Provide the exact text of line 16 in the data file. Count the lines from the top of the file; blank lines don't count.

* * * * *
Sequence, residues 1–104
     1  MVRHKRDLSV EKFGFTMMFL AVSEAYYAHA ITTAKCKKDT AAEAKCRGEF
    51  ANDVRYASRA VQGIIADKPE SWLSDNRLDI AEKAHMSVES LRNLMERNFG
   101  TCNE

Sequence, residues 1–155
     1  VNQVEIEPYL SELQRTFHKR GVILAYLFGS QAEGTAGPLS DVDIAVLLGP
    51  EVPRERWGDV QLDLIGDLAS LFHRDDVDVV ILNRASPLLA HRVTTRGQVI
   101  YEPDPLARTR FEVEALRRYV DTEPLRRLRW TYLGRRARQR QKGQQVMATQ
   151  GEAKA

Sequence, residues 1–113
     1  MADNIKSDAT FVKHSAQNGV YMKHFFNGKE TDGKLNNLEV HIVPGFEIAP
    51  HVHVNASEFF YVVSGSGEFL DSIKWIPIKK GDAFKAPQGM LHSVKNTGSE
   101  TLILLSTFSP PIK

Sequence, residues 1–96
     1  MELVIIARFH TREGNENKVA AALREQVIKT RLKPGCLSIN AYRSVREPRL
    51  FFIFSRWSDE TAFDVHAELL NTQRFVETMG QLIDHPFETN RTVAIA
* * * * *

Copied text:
    51  FFIFSRWSDE TAFDVHAELL NTQRFVETMG QLIDHPFETN RTVAIA